The peacock walks majestically in the dry, brown, sparse grass, holding his head high in the magnificence of his plumage, as the peahen hustles around with others of her like, a sociable and busy group. They live here, in this oasis, fast becoming bordered on all sides by rattling roads and gargantuan edifices that will be rabbit-hutch homes for many people some way above the ground that sustains them. Elsewhere, night-time cameras put in place by wildlife experts around the campus of a school on the outskirts of Bangalore capture images of three leopards, two male and one female, who frequent the life-giving jungle that is being slowly squeezed by the constant expansion of the city, and the lake that hosts the flashing kingfishers grows smaller every year.
To live in harmony with nature and with humanity is the spring which nourished the lives of both Rabindranath Tagore and Jiddu Krishnamurti; it became clear as we travelled around India for ten weeks that it was the understanding of this that created so many of the connections of which we had become part over the last twenty-five years. Our visits to India have developed along three paths: in 1990 Maggie and I began to take groups of students from St. Christopher School in Letchworth for three week visits to Rajasthan through contacts with Faith and John Singh of the Anokhi textiles company in Jaipur, and Aruna and Bunker Roy of Barefoot College near Jaipur. In 2002 we paid our first visits to the schools founded or influenced by Krishnamurti; and in 2007 we made our first visit to Santinketan in West Bengal, where Tagore founded schools and a university. Through these visits we have come in contact with people from all walks of life, different backgrounds, different ages, from the affluent to the poor, and from the so-called educated to those who have never been to school. Many of these people have become our friends and others, with whom our meetings have been mere flashes of time, have profoundly affected the way we look at the world and ourselves. A gesture, a look, a smile, a touch, those infinite connections so often go beyond words and take us to that all important space unknown to the rational mind.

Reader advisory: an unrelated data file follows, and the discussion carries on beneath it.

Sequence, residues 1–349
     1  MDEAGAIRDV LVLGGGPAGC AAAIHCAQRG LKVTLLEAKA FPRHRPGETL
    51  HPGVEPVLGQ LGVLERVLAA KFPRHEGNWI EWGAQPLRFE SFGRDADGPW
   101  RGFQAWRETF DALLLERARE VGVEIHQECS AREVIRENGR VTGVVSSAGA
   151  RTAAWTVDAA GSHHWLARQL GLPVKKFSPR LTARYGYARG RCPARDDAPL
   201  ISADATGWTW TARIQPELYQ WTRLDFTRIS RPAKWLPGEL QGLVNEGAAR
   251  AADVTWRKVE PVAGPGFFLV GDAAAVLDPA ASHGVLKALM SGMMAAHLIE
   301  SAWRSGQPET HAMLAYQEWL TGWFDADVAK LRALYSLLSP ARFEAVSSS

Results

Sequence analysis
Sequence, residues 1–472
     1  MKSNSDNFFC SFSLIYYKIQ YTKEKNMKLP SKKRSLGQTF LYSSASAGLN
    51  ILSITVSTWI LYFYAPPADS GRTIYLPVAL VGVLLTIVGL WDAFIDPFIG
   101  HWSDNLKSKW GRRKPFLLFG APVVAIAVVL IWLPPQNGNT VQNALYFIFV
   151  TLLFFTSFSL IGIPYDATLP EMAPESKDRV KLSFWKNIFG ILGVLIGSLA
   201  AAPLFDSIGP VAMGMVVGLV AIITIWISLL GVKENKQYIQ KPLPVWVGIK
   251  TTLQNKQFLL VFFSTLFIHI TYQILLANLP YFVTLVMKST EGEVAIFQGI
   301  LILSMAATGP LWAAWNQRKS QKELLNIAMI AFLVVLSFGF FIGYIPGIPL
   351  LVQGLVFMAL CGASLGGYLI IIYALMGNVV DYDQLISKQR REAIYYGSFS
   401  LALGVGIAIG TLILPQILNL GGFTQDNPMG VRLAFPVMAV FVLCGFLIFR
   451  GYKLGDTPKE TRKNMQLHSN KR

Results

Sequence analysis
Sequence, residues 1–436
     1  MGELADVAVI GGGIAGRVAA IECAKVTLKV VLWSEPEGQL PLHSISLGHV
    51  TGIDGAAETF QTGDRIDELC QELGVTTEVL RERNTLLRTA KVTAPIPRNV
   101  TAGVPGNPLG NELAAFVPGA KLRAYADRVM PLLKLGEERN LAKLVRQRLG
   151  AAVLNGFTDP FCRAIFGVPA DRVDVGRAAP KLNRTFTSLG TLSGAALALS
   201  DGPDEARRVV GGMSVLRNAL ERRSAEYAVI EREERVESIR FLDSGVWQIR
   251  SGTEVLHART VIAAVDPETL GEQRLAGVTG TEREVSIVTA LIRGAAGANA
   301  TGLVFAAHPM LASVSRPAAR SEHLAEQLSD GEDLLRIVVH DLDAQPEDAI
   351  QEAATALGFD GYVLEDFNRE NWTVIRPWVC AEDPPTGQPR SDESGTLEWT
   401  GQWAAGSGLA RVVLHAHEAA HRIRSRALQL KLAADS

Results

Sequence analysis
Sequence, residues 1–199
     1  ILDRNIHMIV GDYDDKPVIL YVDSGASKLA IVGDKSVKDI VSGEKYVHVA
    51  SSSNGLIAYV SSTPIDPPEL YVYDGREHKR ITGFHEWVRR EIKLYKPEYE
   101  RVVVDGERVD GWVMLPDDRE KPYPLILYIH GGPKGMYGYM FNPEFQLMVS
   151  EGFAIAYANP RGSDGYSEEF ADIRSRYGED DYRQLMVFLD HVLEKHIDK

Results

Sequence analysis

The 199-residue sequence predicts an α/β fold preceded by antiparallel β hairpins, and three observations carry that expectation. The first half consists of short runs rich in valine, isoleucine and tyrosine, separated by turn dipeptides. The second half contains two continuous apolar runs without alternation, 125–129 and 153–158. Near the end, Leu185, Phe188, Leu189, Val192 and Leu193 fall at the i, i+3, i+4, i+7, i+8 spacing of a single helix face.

Tagore and Krishnamurti were questioners who did not accept the authority of others, nor did they seek to create authority in themselves. During these weeks in India it has become increasingly obvious that there is a global shift towards authoritarianism which has expression on many different levels - politically, economically and socially - with nationalism rearing its ugly, dangerous head and puffed up leaders ranting against their fellow human beings, pouring the poison of fear into the ears of the unsuspecting. The timeless grace of so many of its people, and the wisdom that lies in the eyes of the old who are, even now, held in respect by those who are younger, is slowly being swallowed by ‘development’. The pace of change that we have seen in nearly thirty years of travelling to India has been extraordinary and dramatically visible. However, much of this change has reflected a Western way of life and thus is built on competition and material growth. Ironically, whole scale improvement in the lives of the poor and destitute is not as visible as the blocks of flats, new and ever larger cars, roads in various states of repair and disrepair, and soulless glass shopping malls.
It is with extraordinary gratitude that we have received so much generosity and affection, so much simple human contact that sustains the spirit beyond any material benefit. To see the monkeys, to watch the birds, to walk beneath the broad-leaved jungle trees and smell the breeze washing over the land is to be alive. To avoid being squashed by vehicles of all types and to travel, reaching our destinations in one piece again, makes us grateful; for we quickly learn the sharp lesson that control in life is an illusion and that occasionally acceptance of ‘what is’ is the only route. However, wretched fatalism is often instrumental in handing one’s life to another who is more powerful, hiding under the cloak of passivity, and often creates the sense that all life is cheap. All being well, we intend to return to India and our friends, old, new and yet to be made.
Meanwhile, part of my work is a writing project, which I have alluded to from time to time; I will be using this space to experiment with various themes.